History is complicated and it seems everyone is offended by everyone else. Soon, we may not need to study history so as not to offend one point of view or another. George Orwell was spot on when he wrote 1984 “Every record has been destroyed or falsified, every book has been rewritten, every picture has been repainted, every statue and street building has been renamed, every date has been altered. And that process is continuing day be day and minute by minute. History has stopped. Nothing exists except the endless present in which the party is always right.”

    • Kevin Levin Jun 21, 2020 @ 12:46

      History is complicated and it seems everyone is offended by everyone else. Soon, we may not need to study history so as not to offend one point of view or another.

      You are confusing the study of history with the purpose of monuments and statues which is to commemorate and celebrate.

    • cagraham Jun 21, 2020 @ 18:18

      “It would appear the Confederate Memorials were merely the low hanging fruit, whetting the appetite of those intent on destruction.”

      Man, Terry, I just got back from picking up a truck load of bagged trash from MDP (Lee) Circle in Richmond and the scene was just as chill as can be. But right now the Richmond Police are attacking demonstrators with teargas and flash-bangs, starting at Stuart and moving toward Lee. Its is extremely clear whose appetite for destruction has been whetted.

      • Kevin Levin Jun 22, 2020 @ 1:03

        Thanks for responding, Chris.

      • Terry Jun 22, 2020 @ 5:59

        Chris, so if you are now back from Lee Circle…..and when you were there the scene was chill….I’m confused as to your comments about the Richmond Police currently attacking the demonstrators. Can you expand on your comments and the basis of your conclusions about the “police attacking demonstrators with teargas and flash-bangs, starting at Stuart and moving toward Lee”? How do you know?

    • Msb Jun 22, 2020 @ 11:47

      It would be just wonderful if toppling statues of Davis and Lee (monuments) really erased all the harm that they did (history). But it doesn’t – just like all the harm done by, say, Saddam Hussein, sStalin and the Nazis remains to be learned from after their monuments were toppled or blown up. We must just learn from history and raise monuments that are welcome to as much of the community as possible, rather than monuments designed to celebrate some groups’ exclusion.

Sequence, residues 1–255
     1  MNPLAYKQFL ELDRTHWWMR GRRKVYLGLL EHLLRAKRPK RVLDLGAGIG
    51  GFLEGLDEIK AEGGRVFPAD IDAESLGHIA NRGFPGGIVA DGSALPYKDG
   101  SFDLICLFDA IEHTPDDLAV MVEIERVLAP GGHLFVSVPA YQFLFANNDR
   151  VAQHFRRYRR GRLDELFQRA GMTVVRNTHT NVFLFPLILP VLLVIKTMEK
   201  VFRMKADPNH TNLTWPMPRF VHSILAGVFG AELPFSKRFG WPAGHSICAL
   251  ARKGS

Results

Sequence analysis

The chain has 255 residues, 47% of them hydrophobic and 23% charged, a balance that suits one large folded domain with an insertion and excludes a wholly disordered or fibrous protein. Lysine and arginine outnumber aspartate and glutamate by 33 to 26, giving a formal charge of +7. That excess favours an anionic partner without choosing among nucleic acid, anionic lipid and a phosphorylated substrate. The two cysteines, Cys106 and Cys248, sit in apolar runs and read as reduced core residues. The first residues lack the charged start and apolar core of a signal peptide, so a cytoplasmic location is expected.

• Reggie Bartlett Jun 21, 2020 @ 8:09

    As if you’d think Levin would have any moral consistency. Seeing as how Washington, Jefferson, Onate and Columbus have been ripped down in places too.

    • Kevin Levin Jun 21, 2020 @ 8:18

      It’ll be OK, Reggie. We’ll get through this. I promise you. LOL

  • paineite Jun 21, 2020 @ 7:32

    And now a bust or statue of Grant in SF. Didn’t you write something on his connection to (wasn’t it?) his wife’s slaves ?

    I’m all FOR taking down Confederate monuments … but Grant is a bridge too far for me. Thought I’d look into seeing if there is anyone looking to reinstall it.

    Ken

    • Kevin Levin Jun 21, 2020 @ 7:36

      Grant inherited a slave that he freed before the Civil War.

    • Andy Hall Jun 21, 2020 @ 8:08

      Ken, there’s a lot of indiscriminate targeting going on right now. What we’re seeing right now is decades of resentment and anger over a range of issues, that have burst like a dam — the killing of George Floyd was the final crack in that dam. What we’ve seen over the last three weeks is that resulting deluge now rushing forward, that tends to sweep everything before it, whether there’s a good reason or not.

    • Terry Jun 25, 2020 @ 3:41

      But wait …..there’s more!

      Yes, Grant at one time owned a slave, relied on slave labor to build Hardscrabble and was regularly visited during the war by his wife Julia and her “servants”, much to President Lincon’s chagrin. Obviously, the Union Commanding General’s acceptance of his wife relying on slave labor was not helping to advance Lincoln’s narrative.

      However, the latest monument destruction occurred in Madison, Wisconsin where criminals tore down the monument to Col. Hans Christian Heg, decapitated the monument’s head and dragged it and tossed it into Lake Monona.

      Heg was an outspoken abolitionist, commanded the 15th Wisconsin Volunteer Regiment(US) during the Civil War and died of wounds he sustained at the Battle of Chickamauga.

      It is becoming increasingly more apparent that the that the phenomena of destruction we are witnessing has no bounds.